He was astonished when he discovered I was a Muslim. He was a member of the Foreign Correspondents Club in Hong Kong, an Englishman whose name I’ve forgotten. I was contributing to a discussion at the club on Islam and the modern world. He asked my paternal family name, and when I replied, ‘Abdul Malik,’ he opened his mouth to exclaim, ‘Aaah!’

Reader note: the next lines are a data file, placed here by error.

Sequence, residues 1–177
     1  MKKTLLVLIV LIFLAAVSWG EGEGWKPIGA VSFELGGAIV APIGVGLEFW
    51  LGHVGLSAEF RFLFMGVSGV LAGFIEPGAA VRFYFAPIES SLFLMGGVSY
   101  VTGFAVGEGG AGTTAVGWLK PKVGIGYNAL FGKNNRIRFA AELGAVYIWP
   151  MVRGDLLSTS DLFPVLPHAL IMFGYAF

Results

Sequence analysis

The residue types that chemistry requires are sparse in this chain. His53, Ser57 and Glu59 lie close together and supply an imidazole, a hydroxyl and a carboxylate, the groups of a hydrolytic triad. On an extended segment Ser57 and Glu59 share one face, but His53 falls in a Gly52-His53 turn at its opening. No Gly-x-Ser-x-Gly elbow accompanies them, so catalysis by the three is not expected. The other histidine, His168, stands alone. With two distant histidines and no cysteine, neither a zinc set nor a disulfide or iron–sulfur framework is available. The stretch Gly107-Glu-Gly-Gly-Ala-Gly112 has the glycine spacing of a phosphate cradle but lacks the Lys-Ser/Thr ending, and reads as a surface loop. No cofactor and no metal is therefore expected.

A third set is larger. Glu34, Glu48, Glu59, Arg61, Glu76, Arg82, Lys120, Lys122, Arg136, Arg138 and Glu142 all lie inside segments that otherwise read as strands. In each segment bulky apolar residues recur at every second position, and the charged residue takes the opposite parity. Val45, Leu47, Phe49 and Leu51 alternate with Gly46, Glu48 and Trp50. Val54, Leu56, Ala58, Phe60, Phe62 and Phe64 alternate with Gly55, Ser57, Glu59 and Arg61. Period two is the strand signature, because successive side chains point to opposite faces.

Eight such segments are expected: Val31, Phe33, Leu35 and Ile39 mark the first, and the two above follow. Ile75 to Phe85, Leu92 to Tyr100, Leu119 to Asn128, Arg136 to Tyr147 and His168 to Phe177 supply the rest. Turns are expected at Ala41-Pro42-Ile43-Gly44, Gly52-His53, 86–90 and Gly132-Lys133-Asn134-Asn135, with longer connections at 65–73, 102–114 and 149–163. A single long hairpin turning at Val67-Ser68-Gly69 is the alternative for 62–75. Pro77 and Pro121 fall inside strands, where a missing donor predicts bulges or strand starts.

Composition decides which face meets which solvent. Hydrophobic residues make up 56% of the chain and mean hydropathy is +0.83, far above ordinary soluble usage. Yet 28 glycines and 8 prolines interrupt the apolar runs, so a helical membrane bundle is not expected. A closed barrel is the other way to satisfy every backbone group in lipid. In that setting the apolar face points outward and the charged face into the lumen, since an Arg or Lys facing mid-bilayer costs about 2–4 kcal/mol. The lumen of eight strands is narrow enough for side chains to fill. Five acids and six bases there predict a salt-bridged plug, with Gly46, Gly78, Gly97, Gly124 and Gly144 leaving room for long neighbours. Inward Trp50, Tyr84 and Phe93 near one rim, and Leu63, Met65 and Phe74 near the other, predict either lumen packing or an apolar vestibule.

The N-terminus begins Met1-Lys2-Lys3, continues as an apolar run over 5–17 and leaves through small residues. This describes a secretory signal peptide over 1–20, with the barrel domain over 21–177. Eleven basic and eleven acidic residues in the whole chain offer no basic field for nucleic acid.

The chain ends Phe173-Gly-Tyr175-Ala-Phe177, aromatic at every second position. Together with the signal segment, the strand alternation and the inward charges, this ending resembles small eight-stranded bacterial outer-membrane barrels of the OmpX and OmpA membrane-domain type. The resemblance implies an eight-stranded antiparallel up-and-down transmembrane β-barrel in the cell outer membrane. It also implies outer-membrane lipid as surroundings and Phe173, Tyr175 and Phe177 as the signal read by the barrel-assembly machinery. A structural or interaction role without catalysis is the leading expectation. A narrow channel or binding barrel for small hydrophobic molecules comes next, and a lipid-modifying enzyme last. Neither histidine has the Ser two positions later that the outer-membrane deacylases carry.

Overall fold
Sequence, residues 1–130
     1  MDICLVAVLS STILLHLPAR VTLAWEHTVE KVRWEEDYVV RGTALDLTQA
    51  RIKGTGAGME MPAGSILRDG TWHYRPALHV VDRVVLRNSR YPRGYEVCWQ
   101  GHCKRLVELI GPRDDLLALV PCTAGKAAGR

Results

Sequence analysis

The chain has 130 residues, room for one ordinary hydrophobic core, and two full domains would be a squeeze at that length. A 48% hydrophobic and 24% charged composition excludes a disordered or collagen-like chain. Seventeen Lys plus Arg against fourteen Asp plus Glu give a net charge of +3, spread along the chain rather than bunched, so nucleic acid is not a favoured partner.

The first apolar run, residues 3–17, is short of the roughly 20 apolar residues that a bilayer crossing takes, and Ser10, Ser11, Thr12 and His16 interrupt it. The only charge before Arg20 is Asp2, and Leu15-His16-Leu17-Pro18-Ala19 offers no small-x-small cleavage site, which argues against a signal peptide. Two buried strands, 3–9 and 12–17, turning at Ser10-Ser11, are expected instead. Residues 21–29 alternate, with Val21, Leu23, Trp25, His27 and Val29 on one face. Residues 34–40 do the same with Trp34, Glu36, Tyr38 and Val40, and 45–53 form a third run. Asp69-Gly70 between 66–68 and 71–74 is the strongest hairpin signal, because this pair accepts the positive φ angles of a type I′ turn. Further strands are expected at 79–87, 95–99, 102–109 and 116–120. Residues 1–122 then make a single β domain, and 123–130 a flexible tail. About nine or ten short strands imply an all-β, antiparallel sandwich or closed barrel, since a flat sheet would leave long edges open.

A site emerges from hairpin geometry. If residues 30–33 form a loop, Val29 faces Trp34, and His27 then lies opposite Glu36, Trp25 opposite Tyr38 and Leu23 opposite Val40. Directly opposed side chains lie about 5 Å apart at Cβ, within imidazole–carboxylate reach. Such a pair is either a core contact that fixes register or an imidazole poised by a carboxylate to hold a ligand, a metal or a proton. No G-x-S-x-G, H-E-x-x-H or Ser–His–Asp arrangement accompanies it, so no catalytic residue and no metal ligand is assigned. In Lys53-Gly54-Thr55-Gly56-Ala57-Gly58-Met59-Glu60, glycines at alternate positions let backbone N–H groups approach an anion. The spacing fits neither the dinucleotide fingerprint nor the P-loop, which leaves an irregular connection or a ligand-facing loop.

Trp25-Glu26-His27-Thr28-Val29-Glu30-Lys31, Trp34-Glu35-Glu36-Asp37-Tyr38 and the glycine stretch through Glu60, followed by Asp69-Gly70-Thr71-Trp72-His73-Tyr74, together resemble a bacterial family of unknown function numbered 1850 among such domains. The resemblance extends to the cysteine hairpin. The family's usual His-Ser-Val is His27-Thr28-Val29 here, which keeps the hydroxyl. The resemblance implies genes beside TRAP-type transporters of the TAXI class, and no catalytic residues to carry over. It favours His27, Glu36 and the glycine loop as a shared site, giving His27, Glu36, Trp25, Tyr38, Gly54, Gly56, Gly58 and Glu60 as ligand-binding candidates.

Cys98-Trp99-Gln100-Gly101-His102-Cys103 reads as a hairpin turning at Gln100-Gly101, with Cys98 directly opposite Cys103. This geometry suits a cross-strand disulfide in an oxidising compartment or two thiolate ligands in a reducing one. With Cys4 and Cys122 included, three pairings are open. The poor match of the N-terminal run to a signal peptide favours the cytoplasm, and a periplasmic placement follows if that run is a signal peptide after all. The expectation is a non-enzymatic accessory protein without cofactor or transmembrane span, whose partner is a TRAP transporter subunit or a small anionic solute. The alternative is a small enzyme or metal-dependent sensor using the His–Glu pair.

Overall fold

My name often causes misunderstanding among people who think that Muslims must have Arabic names. Some forget that Islam spread beyond the peninsula where the religion was founded and that most Muslims are not Arabs. Nevertheless, I didn’t protest when my younger sister named her first son Muhammad Faturrahman, or when my younger brother named his youngest son Muhammad Habiburrasul.

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